The 3 Best Asics Shoes for Supination, According to Podiatrists and Trainers may earn compensation through affiliate links in this story. Learn more about our affiliate and product review process here.
Asics Gel-Cumulus 23
Asics Gel-Venture 7
Asics Gel-Contend 7
With supination, your foot rolls outward as you land. Asics makes some of the best shoes to prevent this.
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When you're hunting for new walking or running shoes, you're bound to come across the term "supination." In fact, some shoes are made specifically for people who supinate.


Supination (also known as underpronation) is one of three primary pronation types (the other two are neutral and overpronation). Pronation simply refers to the way your foot moves to distribute your weight as you land each step.

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With supination, your foot rolls outward as you land — and isn't ideal for your foot, toe or ankle health, Jerome G. Enad, MD, a board-certified orthopedic surgeon, tells

How We Chose

When looking for the best walking and running shoes for supination, start with Asics, recommends Dr. Enad. "The company considers pronation type for the wearer when designing each of their shoe models," he says. So we asked him and other experts about the best Asics shoes for supination.

We chose our top picks based on their expert recommendations and criteria. You can learn more about how we cover products here.


  • Price
  • Terrain
  • Cushion
  • Support

Here are the top three pairs they suggest trying on.

A Quick Note on Language

Manufacturers typically market shoes according to gender, so we have listed both women's and men's picks below. However, the main difference between most men's and women's shoes lies in the shoe width and size. In some cases, men's shoes are built to support greater weights. So people with bigger bodies may want to opt for men's versions, whereas people with smaller bodies may prefer women's versions.

1. Best Overall: Asics Gel-Cumulus 25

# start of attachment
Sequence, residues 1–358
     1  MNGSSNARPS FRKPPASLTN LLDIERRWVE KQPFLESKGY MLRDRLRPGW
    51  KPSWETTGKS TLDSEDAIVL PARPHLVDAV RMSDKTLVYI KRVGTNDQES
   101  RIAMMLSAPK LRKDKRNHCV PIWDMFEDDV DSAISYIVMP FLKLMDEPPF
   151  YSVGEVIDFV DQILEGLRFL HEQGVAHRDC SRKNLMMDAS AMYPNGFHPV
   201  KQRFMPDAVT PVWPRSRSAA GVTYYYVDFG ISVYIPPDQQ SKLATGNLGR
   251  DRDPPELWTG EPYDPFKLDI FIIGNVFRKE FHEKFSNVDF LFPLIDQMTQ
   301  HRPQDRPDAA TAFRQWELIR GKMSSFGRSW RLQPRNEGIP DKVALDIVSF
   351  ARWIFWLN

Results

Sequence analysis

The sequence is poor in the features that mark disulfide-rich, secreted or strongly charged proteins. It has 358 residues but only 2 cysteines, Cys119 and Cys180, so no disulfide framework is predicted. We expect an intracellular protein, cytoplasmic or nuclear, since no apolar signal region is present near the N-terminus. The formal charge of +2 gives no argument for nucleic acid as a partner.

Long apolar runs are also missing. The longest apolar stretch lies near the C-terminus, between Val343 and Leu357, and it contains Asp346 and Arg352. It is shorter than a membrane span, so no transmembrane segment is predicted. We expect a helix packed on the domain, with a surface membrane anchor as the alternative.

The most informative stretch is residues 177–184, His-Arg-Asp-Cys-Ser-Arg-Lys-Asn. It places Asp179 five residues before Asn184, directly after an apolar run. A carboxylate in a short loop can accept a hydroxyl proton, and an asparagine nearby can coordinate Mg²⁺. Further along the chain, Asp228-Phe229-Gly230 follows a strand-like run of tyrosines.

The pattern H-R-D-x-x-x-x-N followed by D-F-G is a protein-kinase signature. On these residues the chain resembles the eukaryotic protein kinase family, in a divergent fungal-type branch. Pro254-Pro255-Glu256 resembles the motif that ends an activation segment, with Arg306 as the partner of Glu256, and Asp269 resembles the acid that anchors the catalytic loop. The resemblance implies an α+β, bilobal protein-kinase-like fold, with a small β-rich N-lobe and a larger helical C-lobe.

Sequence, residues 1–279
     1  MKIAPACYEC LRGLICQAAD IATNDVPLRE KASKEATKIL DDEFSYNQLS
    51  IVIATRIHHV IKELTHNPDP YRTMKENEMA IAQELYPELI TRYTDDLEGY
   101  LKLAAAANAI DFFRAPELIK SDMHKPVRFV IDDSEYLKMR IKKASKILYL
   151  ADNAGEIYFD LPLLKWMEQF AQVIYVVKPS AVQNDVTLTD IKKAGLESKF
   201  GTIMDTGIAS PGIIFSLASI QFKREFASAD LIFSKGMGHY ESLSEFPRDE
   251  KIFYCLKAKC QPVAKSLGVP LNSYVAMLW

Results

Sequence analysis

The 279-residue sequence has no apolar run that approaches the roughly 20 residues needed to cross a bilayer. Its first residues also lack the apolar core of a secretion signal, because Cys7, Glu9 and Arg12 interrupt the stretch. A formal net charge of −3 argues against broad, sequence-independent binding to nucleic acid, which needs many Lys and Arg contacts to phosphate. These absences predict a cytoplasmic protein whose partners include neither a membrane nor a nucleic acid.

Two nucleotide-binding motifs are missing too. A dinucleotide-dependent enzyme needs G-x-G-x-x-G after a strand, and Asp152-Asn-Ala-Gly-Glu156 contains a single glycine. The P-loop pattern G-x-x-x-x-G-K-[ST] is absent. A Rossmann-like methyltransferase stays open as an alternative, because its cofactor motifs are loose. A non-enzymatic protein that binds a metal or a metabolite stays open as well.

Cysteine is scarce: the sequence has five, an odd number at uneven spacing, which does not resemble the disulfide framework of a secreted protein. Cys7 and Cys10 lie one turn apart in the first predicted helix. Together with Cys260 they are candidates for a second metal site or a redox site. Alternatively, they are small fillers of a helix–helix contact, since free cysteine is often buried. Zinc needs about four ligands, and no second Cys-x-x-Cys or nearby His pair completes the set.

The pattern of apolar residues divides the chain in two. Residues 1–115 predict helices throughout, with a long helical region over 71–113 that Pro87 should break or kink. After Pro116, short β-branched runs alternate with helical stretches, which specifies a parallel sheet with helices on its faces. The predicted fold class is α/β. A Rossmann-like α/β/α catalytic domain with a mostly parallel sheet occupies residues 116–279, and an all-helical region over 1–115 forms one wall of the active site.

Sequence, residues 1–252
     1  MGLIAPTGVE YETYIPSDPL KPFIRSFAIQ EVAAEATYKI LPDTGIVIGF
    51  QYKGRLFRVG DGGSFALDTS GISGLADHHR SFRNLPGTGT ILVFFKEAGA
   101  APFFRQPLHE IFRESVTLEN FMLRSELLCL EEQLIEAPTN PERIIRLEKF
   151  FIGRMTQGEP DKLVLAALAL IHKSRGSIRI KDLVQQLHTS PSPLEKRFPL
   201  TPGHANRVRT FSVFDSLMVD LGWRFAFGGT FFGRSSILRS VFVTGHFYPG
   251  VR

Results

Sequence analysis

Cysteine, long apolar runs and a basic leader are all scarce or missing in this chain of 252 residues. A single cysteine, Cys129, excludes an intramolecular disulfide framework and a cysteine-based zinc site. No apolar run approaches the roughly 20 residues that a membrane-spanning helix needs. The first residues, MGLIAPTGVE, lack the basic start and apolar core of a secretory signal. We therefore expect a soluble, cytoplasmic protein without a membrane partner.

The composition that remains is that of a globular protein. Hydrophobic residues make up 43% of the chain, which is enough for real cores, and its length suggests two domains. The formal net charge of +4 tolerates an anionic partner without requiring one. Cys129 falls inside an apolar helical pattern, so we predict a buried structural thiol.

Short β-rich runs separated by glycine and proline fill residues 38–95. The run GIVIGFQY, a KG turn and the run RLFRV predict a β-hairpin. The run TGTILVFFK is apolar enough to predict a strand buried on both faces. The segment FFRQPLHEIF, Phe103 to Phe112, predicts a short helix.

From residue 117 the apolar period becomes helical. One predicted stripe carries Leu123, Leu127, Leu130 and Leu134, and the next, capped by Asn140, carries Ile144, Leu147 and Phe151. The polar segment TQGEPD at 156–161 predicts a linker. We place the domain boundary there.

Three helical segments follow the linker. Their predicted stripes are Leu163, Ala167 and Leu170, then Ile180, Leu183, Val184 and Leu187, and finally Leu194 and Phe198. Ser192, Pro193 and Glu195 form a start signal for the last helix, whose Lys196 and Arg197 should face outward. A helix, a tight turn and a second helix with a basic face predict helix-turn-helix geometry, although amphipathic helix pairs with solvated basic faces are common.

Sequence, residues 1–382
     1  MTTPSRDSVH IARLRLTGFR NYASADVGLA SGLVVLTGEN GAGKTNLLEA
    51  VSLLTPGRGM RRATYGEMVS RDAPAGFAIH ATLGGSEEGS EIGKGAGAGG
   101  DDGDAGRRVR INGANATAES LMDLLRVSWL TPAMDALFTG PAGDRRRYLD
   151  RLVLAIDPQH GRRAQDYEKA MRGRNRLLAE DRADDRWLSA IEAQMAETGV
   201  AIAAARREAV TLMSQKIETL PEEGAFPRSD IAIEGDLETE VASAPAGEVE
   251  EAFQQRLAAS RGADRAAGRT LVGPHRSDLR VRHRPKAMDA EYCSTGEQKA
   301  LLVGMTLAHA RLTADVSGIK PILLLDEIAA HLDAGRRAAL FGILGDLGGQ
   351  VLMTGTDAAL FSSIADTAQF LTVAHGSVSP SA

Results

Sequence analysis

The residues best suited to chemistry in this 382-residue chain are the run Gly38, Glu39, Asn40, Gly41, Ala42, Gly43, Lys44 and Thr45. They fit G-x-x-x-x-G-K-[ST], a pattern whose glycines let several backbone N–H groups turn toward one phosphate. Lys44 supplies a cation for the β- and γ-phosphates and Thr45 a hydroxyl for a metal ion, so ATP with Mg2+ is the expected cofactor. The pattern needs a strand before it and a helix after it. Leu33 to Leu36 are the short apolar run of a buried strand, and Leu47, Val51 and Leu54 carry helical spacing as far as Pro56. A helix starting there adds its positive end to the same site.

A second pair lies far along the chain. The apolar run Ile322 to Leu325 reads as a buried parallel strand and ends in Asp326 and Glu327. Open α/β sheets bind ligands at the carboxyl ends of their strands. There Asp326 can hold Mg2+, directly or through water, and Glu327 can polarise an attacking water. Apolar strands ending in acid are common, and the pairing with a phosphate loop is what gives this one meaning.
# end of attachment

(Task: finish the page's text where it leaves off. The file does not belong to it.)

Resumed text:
Best Overall

Asics Gel-Cumulus 25

The foam midsole has strategically placed pillar formations for shock absorption. This may be especially helpful if you supinate.

  • Terrain: ‌Road
  • Support: ‌Neutral
  • Cushion: ‌Extra

Jack McNamara, CSCS, a certified strength and conditioning specialist, marathoner and program developer at TRAINFITNESS, says this is the best running shoes for supinators, period. While it tops out as the priciest pair on our list, it offers plenty of helpful features.


The foam midsole has strategically placed pillar formations for shock absorption. This may be especially helpful if you supinate.

"Supinators tend to have a stiffer foot, and thus lack the intrinsic shock absorption than someone with a neutral foot may have," says Sophia Solomon, DPM, a board-certified podiatrist in New York City.

Plus, the neutral support and soft, comfortable ride of this shoe allows your foot to move most naturally, McNamara says.



2. Best for Trail Running: Asics Gel-Venture 9

Best for Trail Running

Asics Gel-Venture 9

These have all the traits you’d expect from a great trail shoe, plus added shock absorption to support and soften each step.

  • Terrain: ‌Trail
  • Support: ‌Neutral
  • Cushion: ‌Regular

If trails are where you log most of your miles, this is the Asics shoe for you. They have all the traits you'd expect from a great trail shoe (traction, durable materials), plus added shock absorption to support and soften each step.

Heel stability is also essential to controlling supination, Dr. Solomon says. To help you stay stable, these trail shoes feature an internal heel counter (a rigid structure in the back of the shoe). This keeps the back of your foot from straying off-course when your foot lands.